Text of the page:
After having presented your goal, you will have to indicate the procedure you are going to adopt to demonstrate your claim: your procedural steps. The latter corresponds to answering the following question: how do you intend to achieve your aim? These procedural steps will have to coincide with the sections of your article, reflecting its internal structure while introducing the overall procedure you have adopted.

The body of the article is the main part of any article. It corresponds to your treatment of the research question following the procedural steps that you have presented in the introduction.Bodies of the article differ according to the disciplinary context, methodology adopted, and individual research style. Always remember that the way you structure the body of your article speaks of your approach, methods, and style!

Notwithstanding the differences among methods, disciplinary contexts, and research styles, a few tips may be worthwhile:

  1. be coherent: make sure that your procedural steps and what you do in the article coincide!
  2. crave for order: articulate your article into sections (always) and subsections (if it is long enough) considering that each section (introduction and conclusions not included) should be at least 1500 words. Each section should be related to the procedural steps (and ordered accordingly).
  3. stay focused: do not add sections that are not directly linked to your research question.
  4. keep the narrative flowing: by using appropriate methods and style, you should keep the reader interested in your paper from introduction to conclusions.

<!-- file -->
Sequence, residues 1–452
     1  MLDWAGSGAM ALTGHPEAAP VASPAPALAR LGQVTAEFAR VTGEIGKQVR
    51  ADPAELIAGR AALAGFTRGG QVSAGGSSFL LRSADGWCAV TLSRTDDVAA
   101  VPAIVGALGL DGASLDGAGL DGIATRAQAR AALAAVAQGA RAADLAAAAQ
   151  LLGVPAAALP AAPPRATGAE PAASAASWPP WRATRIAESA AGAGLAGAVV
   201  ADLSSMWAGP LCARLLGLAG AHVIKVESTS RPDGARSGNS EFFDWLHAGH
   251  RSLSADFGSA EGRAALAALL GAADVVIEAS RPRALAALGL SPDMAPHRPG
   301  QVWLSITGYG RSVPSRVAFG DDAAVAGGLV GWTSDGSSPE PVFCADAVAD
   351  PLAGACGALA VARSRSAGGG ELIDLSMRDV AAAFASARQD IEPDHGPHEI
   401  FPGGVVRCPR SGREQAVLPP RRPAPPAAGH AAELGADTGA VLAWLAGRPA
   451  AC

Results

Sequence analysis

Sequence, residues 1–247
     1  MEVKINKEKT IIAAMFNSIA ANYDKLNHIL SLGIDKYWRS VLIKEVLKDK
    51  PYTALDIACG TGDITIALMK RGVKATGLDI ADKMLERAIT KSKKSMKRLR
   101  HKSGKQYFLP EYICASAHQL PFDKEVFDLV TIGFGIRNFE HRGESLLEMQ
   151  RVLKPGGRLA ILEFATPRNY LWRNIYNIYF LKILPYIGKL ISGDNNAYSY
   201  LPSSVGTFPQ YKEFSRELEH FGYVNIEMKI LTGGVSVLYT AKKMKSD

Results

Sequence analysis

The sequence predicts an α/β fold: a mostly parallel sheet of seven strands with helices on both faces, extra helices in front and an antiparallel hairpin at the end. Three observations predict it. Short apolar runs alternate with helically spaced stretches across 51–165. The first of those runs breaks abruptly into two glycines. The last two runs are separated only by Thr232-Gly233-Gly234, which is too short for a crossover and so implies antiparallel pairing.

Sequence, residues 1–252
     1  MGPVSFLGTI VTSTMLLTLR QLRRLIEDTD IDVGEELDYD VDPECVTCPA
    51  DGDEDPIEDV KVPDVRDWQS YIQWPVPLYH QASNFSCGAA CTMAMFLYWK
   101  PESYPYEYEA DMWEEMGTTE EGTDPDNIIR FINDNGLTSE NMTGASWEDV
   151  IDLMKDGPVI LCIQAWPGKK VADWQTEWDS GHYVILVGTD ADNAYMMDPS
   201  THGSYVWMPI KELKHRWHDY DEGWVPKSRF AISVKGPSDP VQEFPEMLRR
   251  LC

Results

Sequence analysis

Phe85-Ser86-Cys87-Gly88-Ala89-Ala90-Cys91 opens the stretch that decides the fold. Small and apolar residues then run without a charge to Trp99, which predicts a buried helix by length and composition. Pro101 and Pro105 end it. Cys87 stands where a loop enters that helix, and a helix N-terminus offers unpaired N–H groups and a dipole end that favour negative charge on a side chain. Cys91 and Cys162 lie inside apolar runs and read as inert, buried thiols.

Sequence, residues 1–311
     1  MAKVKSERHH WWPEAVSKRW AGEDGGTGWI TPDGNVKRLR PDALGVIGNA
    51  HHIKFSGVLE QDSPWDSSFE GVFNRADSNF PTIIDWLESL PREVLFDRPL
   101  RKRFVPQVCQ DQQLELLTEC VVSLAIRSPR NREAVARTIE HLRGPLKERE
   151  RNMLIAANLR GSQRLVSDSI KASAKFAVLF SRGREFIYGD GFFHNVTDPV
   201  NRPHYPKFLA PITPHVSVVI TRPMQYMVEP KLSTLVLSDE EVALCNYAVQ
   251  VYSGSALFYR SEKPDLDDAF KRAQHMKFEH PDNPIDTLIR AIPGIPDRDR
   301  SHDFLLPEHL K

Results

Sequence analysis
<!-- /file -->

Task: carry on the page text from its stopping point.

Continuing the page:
Conclusions are not a mere summary of what you have said in your article. The reader has just finished reading your article: there is no need to detail again everything that you have just said. Try to limit yourself to discussing:

  • the main theoretical claims that you have offered (using the past tense).
  • how your hypothesis, interpretation, or solution may help the ongoing debate.

Conclusions are not an epilogue either. Although you may use persuasive tools in your article, you should not end it with inflated claims, like assuming that your contribution has ‘solved it all’. In general (and with some humility), papers should be considered as openings instead of closings: try to point out how your contribution can be valuable in other contexts. Be resolute, but never arrogant!

Karin De Boer, Guidelines on Writing Articles (KU Leuven, CS, 2020).

Peter LaPlaca, Adam Lindgreen, & Joëlle Vanhammed, “How to write really good articles for premier academic journals”, Industrial Marketing Management 68 (2018): 202-209.

Helen Sword, Stylish Academic Writing (Cambridge, MA: Harvard University Press, 2012).

How to Write a Research Question“, The Writing Center of George Mason University (consulted on 19 October 2022).

Latest update: October 2022